The IPID Act, by increasing the mandate of IPID in terms of criminal investigations and reporting, offers the opportunity to ensure greater transparency and accountability in the police service than has been possible before. In order to foster an atmosphere of accountability, officers accused of criminal offences should be suspended until their guilt or innocence has been determined in court. Members of the police found guilty of a criminal offence should without exception be dismissed from the police service. This is essential to build a democratic, effective and accountable police service under professional and ethical command.

Original image of rotten apples by Alison E Dunn (CC BY 2.0).

Originally published in on 09 October 2013

Gang Violence in Manenberg: can it be stopped?

By Ian Hanson

Learners from Manenberg's Red River Primary

Girls from Manenberg’s Red River Primary pose on a bench they have designated as a ‘safe space’ in their school, and which they designed and decorated.

This year the Manenberg community in the Cape Flats was wracked by gang violence that escalated in May 2013 and has continued for at least three months. 27 people were killed and over 50 injured. Gang violence is severe and endemic in Manenberg. This latest outbreak was largely a battle between two rival gangs, the Americans and the Hard Livings, the most powerful in Manenberg; it brought the community to a virtual standstill, traumatizing people and forcing them to live in fear. Teachers at 14 schools in Manenberg banded together, declaring the situation too dangerous for students and teachers to come to school anymore, and demanded that the Department of Education take serious and meaningful action to ensure the safety of learners and educators. This group formed the Teachers Steering Committee and their refusal to teach forced the Department to close all 14 schools.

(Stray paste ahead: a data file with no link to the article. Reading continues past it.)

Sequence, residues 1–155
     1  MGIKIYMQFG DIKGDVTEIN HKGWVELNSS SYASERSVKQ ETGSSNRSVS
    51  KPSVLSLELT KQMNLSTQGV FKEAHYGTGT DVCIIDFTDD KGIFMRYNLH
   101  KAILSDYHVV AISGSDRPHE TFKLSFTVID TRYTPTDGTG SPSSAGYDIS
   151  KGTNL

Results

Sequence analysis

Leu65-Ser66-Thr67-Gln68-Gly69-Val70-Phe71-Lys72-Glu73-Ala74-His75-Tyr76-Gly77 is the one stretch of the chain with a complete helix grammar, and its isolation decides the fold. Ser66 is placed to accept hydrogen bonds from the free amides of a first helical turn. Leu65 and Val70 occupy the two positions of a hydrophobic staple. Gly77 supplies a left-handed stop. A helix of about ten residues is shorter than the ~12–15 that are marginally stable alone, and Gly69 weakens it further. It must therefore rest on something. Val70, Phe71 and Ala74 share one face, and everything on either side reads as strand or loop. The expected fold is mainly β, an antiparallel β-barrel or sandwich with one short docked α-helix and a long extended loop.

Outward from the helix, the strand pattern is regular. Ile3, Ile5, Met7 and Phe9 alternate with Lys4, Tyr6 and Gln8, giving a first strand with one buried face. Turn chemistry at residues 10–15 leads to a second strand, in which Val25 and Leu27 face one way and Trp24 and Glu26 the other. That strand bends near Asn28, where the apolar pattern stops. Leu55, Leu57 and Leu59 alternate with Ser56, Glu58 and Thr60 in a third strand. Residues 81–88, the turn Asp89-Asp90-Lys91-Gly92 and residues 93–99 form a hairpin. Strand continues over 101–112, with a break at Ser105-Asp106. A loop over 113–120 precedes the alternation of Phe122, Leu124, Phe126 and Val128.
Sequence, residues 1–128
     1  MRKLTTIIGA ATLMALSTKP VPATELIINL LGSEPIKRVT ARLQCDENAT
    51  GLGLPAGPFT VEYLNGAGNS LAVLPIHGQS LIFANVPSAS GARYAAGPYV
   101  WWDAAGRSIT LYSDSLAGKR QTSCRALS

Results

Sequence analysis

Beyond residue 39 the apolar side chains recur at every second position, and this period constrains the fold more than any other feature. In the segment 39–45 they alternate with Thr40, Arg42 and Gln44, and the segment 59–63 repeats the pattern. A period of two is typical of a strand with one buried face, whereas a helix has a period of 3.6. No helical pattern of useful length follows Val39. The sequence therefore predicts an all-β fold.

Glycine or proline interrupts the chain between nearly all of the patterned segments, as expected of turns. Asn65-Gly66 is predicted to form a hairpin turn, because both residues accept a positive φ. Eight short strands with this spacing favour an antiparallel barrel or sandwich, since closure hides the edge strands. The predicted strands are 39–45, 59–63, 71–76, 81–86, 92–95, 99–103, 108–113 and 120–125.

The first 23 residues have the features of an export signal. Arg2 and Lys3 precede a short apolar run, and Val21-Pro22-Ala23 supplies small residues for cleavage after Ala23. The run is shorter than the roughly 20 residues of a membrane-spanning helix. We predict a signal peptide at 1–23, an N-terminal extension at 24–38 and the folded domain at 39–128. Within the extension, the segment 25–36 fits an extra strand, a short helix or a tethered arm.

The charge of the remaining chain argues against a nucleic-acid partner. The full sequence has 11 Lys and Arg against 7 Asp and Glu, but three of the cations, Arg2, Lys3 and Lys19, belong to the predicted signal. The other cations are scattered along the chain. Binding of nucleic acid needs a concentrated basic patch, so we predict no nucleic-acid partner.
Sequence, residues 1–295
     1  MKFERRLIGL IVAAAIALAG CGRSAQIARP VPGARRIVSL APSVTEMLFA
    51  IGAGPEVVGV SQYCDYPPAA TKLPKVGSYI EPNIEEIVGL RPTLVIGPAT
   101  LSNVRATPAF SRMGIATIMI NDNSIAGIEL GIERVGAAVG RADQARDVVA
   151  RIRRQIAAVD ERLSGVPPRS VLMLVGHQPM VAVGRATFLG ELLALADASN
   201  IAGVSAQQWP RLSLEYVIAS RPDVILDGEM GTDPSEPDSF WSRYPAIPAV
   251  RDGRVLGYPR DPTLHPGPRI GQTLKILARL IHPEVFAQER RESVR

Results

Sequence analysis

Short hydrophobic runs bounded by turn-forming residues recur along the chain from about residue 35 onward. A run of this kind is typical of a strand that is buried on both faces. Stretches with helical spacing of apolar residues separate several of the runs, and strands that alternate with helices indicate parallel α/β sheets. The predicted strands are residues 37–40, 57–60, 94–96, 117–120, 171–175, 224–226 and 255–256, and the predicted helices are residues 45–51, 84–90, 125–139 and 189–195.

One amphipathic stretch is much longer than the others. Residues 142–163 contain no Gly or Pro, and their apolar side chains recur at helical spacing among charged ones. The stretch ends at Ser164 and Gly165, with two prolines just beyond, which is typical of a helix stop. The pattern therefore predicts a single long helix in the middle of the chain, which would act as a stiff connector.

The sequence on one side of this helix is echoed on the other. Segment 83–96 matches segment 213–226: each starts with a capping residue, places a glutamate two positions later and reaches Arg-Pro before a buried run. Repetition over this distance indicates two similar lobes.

Metro Police have provided temporary security for every school, and have beefed up their presence in the community. This has contributed to decreasing the fighting around Manenberg, but did not actually stop the violence. Instead it simply pushed it into neighboring areas such as Mitchells Plain and Hanover Park. Violence died down in late August, when the Manenberg Church of Reconciliation helped facilitate a ceasefire and peace talks between the two gangs. The two gangs apologized, vowing to stop using violence to resolve conflict and to help bring peace and stability to the community.

Although the media has stopped covering the gang violence, fighting has not stopped. Valdi, from the Manenberg Trauma Centre, reported that a trauma worker was injured two weeks ago during a shooting incident at the Trauma Centre. She says that reports of domestic violence have increased over the past month, suggesting that violence is manifesting itself in different ways.